coronavirus around the world
November 30, 2020

Back in March and April, when the novel coronavirus was still new and mask-wearing and social distancing foreign, the U.S. rolled out a bunch of ads explaining best COVID-19 practices for keep yourself and others safe. Some of them, like Paul Rudd's PSA for New York and Lego's Batman and Star Wars ads were amusing and informative. Others haven't aged so well.

The U.S. is now setting new records for COVID-19, including topping 200,000 new infections on Friday alone, and top infectious disease expert Dr. Anthony Fauci warned Sunday about a possible "surge upon a surge" in the weeks after Thanksgiving. A vaccine is coming, he added, and "if we can hang together as a country and do these kinds of things to blunt these surges until we get a substantial proportion of the population vaccinated, we can get through this."

The U.S. isn't going through this alone, of course, and some foreign governments, companies, and artists have tried different ways of communicating the severity of the virus and the need to stop the spread of the coronavirus. As COVID fatigue crashes into the holidays, here are six creative ways other countries have tried to keep up the fight.

1. Germany created an instant classic in November that lightly tugged at the patriotic impulse while highlighting both the stakes and the relatively low cost of serving the greater good.

2. Turkey's Süleyman Hacıcaferoğlu took some animated matchsticks created in the spring by Spanish artists Juan Declan and Valentina Izaguirre, threw on the Mission: Impossible theme song, and created an arresting visual representation of how the virus spreads — and stops.

3. South Africa drew on the ick factor to encourage mask wearing.

4. Vietnam's health department produced an animated ad with a "Jealous Coronavirus" song that is so catchy, it became a bona fide hit in the country.

5. Singapore created its own pop hit, "Singapore Be Steady," with actor Gurmit Singh in character as Phua Chu Kang.

6. In Croatia, Karlovacko beer got its social distancing message across in a language that is probably universal: the disapproving look of a potential parent-in-law. Watch below. Peter Weber

May 20, 2020

More than 70 percent of Israeli coronavirus samples sequenced in a Tel Aviv University study had genetic markers indicating the virus was imported from the U.S., despite the fact that only 27 percent of all positive-testing visitors to Israel arrived from America, The New York Times reports. Israel barred visitors from the U.S. on March 9, two weeks after shutting off travel from some European countries. Had Americans been blocked from entering on Feb. 26 also, the researcher conclude, "a substantial fraction of the transmission chains in Israel would have been prevented."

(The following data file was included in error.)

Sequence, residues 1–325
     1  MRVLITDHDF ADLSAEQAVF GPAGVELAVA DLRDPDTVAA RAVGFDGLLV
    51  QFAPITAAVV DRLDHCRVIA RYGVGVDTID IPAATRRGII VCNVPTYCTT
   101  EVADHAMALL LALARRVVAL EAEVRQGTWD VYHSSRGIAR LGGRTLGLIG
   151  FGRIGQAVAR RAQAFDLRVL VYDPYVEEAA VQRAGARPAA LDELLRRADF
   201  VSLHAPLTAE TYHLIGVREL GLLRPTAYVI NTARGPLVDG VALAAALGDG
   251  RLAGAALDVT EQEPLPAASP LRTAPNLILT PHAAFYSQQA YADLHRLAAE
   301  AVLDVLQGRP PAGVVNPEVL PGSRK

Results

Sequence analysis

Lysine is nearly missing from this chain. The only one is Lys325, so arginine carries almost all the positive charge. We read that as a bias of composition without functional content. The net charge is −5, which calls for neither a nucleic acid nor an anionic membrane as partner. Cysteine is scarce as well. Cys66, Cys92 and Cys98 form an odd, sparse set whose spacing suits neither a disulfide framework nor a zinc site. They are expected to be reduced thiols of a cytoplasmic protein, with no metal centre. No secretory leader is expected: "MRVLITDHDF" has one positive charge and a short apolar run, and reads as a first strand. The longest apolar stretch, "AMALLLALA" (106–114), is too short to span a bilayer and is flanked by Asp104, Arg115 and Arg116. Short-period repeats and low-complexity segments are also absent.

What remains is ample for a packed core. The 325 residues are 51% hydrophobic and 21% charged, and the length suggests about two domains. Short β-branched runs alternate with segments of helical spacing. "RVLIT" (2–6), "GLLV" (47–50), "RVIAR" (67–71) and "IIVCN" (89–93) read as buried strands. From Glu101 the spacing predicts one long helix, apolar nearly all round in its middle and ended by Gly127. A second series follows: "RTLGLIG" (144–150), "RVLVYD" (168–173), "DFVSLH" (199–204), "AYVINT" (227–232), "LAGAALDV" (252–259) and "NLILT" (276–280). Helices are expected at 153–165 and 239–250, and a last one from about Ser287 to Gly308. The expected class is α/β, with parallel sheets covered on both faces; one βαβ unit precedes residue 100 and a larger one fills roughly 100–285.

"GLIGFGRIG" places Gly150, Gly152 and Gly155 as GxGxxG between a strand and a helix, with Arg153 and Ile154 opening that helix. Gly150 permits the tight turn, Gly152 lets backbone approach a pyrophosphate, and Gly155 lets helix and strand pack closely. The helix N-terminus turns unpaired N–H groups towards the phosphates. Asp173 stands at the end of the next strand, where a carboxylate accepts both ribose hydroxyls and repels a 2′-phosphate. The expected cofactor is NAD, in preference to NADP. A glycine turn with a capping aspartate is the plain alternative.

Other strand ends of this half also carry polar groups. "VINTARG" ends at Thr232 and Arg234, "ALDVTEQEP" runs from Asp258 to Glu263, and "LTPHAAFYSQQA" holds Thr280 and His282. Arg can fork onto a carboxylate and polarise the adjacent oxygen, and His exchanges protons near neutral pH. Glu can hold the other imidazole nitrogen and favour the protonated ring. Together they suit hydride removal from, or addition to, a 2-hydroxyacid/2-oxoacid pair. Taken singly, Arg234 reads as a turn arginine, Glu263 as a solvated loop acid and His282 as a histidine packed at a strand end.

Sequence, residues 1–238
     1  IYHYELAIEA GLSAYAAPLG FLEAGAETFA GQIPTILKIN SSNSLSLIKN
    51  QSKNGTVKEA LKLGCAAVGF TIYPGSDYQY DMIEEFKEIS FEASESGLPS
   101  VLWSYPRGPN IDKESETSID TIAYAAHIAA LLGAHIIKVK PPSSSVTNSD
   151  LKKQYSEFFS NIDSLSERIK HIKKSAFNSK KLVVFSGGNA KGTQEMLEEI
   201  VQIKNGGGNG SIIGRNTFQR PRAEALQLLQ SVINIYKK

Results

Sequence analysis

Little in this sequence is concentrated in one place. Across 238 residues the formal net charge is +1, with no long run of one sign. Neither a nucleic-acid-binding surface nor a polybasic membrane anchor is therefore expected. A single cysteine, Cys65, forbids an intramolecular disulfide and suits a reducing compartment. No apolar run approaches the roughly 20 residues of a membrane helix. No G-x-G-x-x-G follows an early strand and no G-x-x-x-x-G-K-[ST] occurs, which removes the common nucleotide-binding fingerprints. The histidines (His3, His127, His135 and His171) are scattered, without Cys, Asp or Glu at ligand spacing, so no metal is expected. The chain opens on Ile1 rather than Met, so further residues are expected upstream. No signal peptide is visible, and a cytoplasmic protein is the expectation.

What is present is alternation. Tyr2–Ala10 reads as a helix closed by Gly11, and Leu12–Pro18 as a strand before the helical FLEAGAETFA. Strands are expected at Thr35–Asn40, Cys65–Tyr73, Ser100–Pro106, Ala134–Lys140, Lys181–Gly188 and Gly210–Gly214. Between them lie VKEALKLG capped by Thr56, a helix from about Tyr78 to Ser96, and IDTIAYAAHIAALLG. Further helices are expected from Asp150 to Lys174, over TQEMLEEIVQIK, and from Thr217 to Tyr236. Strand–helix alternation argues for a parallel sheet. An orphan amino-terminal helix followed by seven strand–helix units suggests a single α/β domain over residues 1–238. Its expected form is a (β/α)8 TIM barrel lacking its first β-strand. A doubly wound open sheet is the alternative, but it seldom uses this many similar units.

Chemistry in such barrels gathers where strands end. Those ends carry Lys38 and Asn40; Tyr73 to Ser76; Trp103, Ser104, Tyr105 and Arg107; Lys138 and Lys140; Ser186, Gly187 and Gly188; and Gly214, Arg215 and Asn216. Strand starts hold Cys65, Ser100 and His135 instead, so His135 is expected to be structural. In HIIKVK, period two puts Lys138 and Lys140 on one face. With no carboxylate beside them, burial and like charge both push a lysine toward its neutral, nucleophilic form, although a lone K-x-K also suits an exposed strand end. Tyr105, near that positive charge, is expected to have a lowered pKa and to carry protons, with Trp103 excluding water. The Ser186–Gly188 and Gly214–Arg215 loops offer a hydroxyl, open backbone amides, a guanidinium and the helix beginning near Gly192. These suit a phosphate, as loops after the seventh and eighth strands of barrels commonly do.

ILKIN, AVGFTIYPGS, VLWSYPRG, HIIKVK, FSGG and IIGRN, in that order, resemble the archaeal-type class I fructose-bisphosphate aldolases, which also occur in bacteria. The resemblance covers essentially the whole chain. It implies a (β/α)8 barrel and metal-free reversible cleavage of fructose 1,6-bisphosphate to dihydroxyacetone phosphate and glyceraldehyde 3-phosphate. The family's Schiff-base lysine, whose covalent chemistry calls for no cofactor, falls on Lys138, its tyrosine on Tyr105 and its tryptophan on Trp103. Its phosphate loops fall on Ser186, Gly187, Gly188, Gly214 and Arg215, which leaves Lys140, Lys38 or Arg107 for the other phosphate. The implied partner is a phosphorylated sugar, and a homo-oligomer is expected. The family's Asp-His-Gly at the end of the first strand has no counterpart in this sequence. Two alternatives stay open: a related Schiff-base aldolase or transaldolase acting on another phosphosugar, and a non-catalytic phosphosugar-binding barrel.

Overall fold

The researchers sequenced genomes from more than 200 randomly selected but representative COVID-19 patients from six hospital across the country. Israel has reportedly 16,650 COVID-19 cases and 277 deaths, but only 1 percent of the population has been infected with the coronavirus, said Dr. Adi Stern, lead author of the study, which has not yet been peer reviewed. At the same time, he added, Israel was able to cut its rate of transmission by two-thirds through a combination of enforced social distancing, stay-at-home orders, and closing down foreign tourism. Peter Weber

April 30, 2020

While experts around the world debate the merits of different strategies for addressing the coronavirus pandemic, Turkmenistan has its own novel solution for eliminating the virus: banning it from being mentioned. In the former Soviet republic, it has become illegal to use the word "coronavirus" in official documents or news media or to wear face masks in public, reports Radio Free Europe.

The Central Asian nation has reported zero cases of the virus, but Radio Free Europe suggests that hundreds of people previously held in quarantine zones are being moved ahead of an official visit by the World Health Organization. While health experts have questioned the reliability of infection figures from Turkmenistan, which borders hard-hit Iran, the country's foreign minister Rashid Meredov has insisted that his country so far been spared. "If there was a single confirmed coronavirus case, we would have immediately informed ... the World Health Organization in line with our obligations."

This is not the first time Turkmenistan has been criticized for its lack of transparency. The global free speech organization Reporters Without Borders has ranked Turkmenistan 178 out of 180 in its Press Freedom Index, just ahead of Eritrea and North Korea.

Despite his country's reported lack of infections, President Gurbanguly Berdymukhamedov, who is also a rapper and a dentist, has offered advice to public health experts on combating the virus with herbal remedies. Matthew Walther

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